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The Demolition of Man

Terry Graves

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The scientific attempt to cheat death in a culture of death.

In C.S. Lewis and the Catholic Church, Joseph Pearce devotes eighteen pages to Lewis' space trilogy, yet nowhere does he mention the lectures, later published as The Abolition of Man, that gave voice to what Lewis elsewhere called "the serious point" behind these books. In Lewis' own words, in a letter to an Anglican nun, the "serious point" is this: "...that thousands of people in one way or another depend on some hope of perpetuating and improving the human race for the whole meaning of the universe -- that a -- scientific' hope for defeating death is a real threat to Christianity ..."

Sixty years later, it is now tens or hundreds of millions who depend on that hope. Some go further, believing, as Jacques Barzun put it, "the fallacy ... that the method of science must be used on all forms of experience and, given time, will settle every issue." Of course, science cannot explain even its own bases: why matter and energy exist and why they are not chaotic. Still, this dependence on science is to be expected, if only because so few are aware of an alternative: George Sayer wrote in Jack, his biography of Lewis, that few members of the audience at the Abolition lectures understood them---and this was at a university in 1943. And in that same letter Lewis noted that of about sixty reviews of the space trilogy's first novel, " ... only 2 showed any knowledge that my idea of the fall of the Bent One was anything but an invention of my own.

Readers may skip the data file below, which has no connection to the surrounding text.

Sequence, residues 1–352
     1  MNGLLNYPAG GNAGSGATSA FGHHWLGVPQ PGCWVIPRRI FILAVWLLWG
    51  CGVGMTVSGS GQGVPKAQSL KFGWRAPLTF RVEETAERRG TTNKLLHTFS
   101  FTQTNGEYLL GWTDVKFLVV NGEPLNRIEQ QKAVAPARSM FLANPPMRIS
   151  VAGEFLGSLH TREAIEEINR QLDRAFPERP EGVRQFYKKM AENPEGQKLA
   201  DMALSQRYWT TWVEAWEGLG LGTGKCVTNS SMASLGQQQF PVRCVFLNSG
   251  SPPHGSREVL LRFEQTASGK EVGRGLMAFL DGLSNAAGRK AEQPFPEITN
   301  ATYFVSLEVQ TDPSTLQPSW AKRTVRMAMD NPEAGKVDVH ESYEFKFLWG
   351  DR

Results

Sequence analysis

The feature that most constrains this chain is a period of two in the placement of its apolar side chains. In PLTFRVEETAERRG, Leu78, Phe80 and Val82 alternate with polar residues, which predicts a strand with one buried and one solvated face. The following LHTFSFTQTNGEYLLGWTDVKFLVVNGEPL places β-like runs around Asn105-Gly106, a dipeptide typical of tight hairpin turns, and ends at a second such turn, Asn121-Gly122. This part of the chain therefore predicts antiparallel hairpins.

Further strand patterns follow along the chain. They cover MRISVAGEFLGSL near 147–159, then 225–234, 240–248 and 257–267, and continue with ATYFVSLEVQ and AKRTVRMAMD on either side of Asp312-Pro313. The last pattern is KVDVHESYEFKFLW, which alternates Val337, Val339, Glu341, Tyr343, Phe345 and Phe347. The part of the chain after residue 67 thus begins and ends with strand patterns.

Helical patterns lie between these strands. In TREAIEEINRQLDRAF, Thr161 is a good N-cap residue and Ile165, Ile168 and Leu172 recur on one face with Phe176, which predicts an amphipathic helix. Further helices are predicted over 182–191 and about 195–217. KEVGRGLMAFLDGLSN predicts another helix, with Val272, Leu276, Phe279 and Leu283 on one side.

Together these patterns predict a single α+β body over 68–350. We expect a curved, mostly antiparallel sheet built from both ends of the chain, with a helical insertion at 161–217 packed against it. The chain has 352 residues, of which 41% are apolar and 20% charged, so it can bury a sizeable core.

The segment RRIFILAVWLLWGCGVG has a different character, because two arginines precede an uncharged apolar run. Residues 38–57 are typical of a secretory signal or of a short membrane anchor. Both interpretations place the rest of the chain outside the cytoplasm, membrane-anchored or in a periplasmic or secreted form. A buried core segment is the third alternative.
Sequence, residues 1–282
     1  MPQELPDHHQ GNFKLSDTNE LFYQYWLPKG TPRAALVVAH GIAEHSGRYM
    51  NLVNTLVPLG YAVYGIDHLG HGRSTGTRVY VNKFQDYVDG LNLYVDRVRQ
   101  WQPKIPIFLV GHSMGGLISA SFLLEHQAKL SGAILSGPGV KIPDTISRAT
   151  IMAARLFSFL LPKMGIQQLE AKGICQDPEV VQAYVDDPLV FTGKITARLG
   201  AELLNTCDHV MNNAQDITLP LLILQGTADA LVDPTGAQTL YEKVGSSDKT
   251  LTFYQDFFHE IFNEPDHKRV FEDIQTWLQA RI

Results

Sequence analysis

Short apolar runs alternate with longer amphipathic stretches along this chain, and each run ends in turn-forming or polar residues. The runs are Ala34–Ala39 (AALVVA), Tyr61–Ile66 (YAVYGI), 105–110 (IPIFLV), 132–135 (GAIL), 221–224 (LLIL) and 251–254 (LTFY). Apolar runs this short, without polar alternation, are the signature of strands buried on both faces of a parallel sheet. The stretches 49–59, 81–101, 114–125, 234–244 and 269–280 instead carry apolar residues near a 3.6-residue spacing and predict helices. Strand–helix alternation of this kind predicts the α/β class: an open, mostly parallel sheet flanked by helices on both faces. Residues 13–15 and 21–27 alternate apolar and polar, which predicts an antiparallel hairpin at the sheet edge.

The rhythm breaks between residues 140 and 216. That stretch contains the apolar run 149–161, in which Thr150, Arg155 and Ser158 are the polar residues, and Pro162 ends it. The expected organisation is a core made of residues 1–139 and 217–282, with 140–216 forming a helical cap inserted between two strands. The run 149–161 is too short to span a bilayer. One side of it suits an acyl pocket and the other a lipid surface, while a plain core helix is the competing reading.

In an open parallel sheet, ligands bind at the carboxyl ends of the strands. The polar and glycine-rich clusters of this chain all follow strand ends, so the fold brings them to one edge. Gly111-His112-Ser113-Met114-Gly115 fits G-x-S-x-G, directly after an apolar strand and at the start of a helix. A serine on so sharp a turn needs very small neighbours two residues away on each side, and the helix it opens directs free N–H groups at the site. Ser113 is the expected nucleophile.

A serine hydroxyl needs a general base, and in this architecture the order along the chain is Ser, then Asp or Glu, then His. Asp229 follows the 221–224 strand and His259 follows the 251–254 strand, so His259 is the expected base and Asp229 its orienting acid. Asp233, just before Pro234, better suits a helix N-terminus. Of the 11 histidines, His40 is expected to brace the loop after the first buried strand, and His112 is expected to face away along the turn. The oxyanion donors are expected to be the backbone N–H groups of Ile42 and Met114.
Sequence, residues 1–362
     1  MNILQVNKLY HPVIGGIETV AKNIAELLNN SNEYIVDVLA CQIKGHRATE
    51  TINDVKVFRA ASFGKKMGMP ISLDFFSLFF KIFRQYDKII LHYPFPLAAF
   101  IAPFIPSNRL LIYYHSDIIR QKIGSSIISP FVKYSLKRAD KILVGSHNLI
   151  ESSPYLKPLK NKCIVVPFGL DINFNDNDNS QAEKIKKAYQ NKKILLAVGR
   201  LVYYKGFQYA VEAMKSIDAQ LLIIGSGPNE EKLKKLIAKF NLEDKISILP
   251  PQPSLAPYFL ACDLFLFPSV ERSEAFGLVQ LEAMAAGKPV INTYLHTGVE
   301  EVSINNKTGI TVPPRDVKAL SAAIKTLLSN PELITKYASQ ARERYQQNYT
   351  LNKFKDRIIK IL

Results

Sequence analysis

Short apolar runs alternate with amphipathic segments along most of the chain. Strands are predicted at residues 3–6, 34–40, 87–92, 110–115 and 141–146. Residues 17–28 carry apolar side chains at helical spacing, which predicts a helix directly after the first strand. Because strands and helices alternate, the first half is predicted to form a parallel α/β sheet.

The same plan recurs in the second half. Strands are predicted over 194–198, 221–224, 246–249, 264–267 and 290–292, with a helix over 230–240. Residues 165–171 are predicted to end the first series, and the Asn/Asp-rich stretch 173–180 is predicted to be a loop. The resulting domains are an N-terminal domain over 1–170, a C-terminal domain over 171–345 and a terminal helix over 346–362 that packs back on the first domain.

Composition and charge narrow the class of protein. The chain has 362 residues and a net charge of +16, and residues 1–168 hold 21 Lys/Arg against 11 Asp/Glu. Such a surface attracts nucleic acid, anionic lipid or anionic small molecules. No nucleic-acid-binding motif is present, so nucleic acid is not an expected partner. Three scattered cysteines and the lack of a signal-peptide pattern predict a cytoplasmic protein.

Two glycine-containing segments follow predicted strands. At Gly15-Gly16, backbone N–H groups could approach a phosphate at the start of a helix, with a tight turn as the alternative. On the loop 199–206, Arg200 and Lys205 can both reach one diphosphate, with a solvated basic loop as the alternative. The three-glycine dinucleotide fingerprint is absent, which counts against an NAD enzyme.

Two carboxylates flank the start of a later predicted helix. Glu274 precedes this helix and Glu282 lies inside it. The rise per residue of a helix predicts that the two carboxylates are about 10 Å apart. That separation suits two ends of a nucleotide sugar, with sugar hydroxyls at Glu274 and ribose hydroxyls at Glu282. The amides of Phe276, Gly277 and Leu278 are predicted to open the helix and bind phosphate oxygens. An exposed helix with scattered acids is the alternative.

In this far less literate era, even fewer would trouble to pry Lewis' "serious point" out of a long essay like The Abolition of Man. Still fewer would find it hidden in the fantastic elements of the space trilogy's entertaining novels, set on, successively, Mars and Venus and in a literally demonic institution in Britain, the National Institute for Co-ordinated Experiments, or N.I.C.E.

This reluctance, or inability, to grapple with "the serious point" is a recipe for disaster. What Lewis feared and foresaw is no longer science fiction: underway are numerous scientific and pseudo-scientific efforts whose goals are to improve the human race and achieve personal immortality.

Read the entire article on the Crux website (new window will open).

Posted: 03-Oct-06



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